The city is considering adding bike lanes and sharrows along Almon Street in hopes of creating an east-west safe corridor across the peninsula for active transportation. The proposal would see painted bike lanes along both sides of Almon between Agricola and Connolly Streets (about 1.2km) and painted sharrows for sections at either end of the corridor, at Gottingen and Connaught.
The surprisingly well-attended public meeting on the redesign proposal last week made one thing clear: On-street parking (and the potential loss of it) will be a contentious issue as HRM turns the corner in transportation planning towards an all-modes approach.
The city’s proposal would mean a loss of 33 spots between Agricola and Dublin Streets, and another 113 between Dublin Street and Connaught Avenue. Most of the losses occur along residential areas where driveways are the norm, but that did not prevent some in the crowd at last week’s meeting from taking issue with the loss of space.
One woman wondered how she was expected to throw a birthday party for her kid if there was nowhere for guests to park, a concern which seems to resonate with others in the room. I overheard a man explain in detail to councillor Lindell Smith the seemingly insurmountable complexities of requiring his tenants to coordinate shared use of a driveway.
Not to sound too flippant, because all change is daunting, but it was hard to work up sympathy for the concerns of those about to lose their overflow parking lot.
That said, daunting change, and in particular daunting change that involves taking something away from someone, should be worth it. The benefits need to outweigh the sacrifices. It’s priority-setting 101.
And in this case, councillor Shawn Cleary thinks they don’t.
“I can’t support what they’ve put forward,” says Cleary.
Cleary is no idealogical defender of our right to park on the street. He just thinks the facility as proposed, part sharrows and part painted bike lanes, is not good enough to warrant taking away all that parking.
“If there was a bike lane that went from George Dauphinee all the way down to Gottingen, and it was protected, but we were taking away everyone’s parking, I would be like, yeah, it sucks that you are going to lose your parking, but… it’s worth it if a goal of the whole city is being achieved.”
But, says Cleary, “I don’t understand why we would take people’s parking away when we’re not actually putting a bike lane in.”
Indeed for the stretch from Connolly Street to Connaught Avenue, staff are proposing taking away parking on both sides of the street, and simply adding painted sharrows, to remind people to share the right of way, side by side. Not only does the idea of taking away parking to achieve essentially the status quo seem silly, but it’s a move that could potentially make the street less safe. By effectively widening the vehicle travel lanes, we are inviting people to drive faster.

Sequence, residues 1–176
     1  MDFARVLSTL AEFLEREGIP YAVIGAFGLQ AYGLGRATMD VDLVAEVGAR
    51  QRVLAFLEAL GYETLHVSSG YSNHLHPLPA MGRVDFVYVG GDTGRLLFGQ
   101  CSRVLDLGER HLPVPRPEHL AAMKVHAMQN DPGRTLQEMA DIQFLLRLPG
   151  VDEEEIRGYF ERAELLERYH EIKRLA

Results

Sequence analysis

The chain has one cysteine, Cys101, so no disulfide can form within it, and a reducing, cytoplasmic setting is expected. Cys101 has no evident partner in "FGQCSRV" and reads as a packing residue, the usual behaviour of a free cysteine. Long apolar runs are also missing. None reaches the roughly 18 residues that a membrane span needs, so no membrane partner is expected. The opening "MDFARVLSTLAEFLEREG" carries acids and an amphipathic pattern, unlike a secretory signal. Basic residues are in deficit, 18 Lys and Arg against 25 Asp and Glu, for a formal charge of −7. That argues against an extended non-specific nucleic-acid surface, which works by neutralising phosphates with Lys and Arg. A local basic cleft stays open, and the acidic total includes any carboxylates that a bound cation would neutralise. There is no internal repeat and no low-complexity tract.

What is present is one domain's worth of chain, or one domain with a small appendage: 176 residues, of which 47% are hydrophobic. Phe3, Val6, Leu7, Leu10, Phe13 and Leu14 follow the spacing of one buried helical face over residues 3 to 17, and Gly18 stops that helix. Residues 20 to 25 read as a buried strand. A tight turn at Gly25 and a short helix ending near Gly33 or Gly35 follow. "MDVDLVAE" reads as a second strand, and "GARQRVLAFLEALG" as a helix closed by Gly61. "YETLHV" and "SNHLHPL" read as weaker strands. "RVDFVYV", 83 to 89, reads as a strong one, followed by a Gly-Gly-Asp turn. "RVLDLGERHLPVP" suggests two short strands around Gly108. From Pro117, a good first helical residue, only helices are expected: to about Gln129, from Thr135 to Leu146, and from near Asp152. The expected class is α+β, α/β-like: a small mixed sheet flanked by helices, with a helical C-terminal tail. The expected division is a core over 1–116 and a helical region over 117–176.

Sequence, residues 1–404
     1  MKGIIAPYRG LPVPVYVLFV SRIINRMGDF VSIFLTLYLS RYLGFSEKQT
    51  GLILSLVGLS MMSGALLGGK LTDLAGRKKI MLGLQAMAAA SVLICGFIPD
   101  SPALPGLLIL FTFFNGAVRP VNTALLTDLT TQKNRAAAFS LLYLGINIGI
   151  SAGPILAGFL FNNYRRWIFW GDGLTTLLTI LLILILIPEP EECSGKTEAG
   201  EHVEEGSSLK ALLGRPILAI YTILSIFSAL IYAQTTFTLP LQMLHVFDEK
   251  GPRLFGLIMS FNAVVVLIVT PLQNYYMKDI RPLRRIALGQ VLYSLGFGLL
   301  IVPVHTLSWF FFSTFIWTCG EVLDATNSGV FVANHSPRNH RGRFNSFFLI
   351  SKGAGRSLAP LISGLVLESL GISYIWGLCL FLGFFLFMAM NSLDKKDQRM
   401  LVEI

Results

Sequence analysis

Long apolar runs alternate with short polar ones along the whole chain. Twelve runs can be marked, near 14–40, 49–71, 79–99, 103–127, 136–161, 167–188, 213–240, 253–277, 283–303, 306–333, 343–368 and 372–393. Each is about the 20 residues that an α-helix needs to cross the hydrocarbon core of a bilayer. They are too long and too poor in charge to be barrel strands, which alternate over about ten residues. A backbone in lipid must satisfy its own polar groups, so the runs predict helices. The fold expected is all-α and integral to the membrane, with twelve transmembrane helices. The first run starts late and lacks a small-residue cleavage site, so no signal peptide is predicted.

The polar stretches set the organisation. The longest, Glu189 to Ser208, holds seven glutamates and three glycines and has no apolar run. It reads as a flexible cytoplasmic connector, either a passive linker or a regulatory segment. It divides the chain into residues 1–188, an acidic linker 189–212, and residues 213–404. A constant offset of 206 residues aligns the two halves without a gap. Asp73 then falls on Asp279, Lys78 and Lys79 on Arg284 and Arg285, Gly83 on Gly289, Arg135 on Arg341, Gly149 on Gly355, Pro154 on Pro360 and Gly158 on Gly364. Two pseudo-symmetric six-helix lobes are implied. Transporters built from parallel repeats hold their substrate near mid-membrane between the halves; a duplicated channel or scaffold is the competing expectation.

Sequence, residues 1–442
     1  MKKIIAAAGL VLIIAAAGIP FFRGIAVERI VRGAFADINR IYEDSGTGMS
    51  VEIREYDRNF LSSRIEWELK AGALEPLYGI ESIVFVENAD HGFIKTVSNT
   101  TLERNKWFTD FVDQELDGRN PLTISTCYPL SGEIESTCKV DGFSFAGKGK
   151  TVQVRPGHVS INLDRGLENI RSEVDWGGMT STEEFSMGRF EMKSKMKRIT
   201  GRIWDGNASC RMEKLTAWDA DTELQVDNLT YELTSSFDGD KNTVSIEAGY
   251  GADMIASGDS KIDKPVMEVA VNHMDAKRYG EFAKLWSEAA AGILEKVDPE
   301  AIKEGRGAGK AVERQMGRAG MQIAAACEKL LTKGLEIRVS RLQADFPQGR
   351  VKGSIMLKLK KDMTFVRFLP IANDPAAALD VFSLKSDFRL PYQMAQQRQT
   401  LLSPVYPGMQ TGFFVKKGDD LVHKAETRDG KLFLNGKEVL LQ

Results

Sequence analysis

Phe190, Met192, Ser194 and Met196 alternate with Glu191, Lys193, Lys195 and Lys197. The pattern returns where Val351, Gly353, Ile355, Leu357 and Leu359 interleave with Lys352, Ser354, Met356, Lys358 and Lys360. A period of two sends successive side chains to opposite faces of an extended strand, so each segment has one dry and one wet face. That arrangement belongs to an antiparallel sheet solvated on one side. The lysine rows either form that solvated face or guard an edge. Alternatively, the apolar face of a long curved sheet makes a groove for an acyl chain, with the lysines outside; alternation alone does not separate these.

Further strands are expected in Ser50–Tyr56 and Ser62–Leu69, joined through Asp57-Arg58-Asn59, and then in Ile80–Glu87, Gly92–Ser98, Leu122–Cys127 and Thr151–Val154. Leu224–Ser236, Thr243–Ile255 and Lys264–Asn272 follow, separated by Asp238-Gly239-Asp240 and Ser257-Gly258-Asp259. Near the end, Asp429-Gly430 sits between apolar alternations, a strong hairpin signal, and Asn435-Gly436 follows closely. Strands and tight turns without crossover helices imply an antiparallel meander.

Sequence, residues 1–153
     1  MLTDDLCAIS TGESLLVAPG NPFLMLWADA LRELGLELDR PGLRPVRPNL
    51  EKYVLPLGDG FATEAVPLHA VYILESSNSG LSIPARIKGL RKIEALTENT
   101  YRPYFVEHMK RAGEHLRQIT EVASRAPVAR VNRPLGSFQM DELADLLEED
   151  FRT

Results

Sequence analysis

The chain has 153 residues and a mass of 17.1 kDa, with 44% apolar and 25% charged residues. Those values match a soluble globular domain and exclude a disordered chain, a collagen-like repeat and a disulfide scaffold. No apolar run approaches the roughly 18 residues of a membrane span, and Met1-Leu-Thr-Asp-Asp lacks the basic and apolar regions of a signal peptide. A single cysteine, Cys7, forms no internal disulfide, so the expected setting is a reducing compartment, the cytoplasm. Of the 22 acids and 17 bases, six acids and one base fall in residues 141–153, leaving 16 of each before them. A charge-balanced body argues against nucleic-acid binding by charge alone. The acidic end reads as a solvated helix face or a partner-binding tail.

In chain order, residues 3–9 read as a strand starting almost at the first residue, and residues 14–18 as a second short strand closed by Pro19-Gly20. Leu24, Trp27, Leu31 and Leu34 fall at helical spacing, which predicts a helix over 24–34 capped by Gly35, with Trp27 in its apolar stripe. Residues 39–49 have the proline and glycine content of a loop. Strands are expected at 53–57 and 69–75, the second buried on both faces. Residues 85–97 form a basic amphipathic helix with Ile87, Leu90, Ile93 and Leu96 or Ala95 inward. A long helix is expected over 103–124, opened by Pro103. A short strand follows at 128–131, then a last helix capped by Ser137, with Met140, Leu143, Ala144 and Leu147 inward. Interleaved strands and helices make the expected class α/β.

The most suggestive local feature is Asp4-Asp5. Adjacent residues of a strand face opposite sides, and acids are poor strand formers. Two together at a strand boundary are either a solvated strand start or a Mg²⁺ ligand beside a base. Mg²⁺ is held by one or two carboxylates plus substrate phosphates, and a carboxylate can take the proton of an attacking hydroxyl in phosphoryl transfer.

And the vehicle speeds along most of Almon Street are already fast. In the commercially dense and widest section of Almon Street, between Robie and Windsor Streets, an average of 12,000 vehicles pass through each day, and 15 per cent of them are going over 52 km per hour, the speed at which a collision with a pedestrian or cyclist will probably kill them. Speeds are just as high from Oxford Street to Connaught Avenue, though the volume of cars is reduced.
This tells me that Almon Street is begging to be re-designed, if not only to include travel lanes for bikes, then simply to set the stage for reasonable speeds in a dense commercial and residential area.
Cleary’s desire to see protected bike lanes along Almon Street is echoed by the Halifax Cycling Coalition. The HCC is suggesting either attaching fibreglass delineators to painted bike lanes, or building raised bike lanes to vertically separate bikes from cars. And the HCC also argues that there is space for bike lanes the length of Almon Street, if only we can reduce our vehicle lane widths to three metres, the recommended minimum from NACTO (the US-based National Association of City Transportation Officials).
The lane widths in this Almon proposal range from 3.2 metres to 4.3 metres. In a city where every 10 centimetres counts, the extra space could easily mean the difference between sharrows and a separate lane for people on bikes.
Of course, there’s no details yet about the really difficult fixes: our intersections. The police documented seven vehicle-bike collisions on Almon Street since 2012. Six of them occurred in the stretch between Robie and Windsor Streets, five of those at intersections (two at Windsor and Almon Streets, and three at Robie and Almon Streets.)
With Almon Street due for resurfacing this summer, time is very tight for staff to get this proposal through to Regional Council for approval. The city is asking for public input via Shape Your City, by May 18, 2017.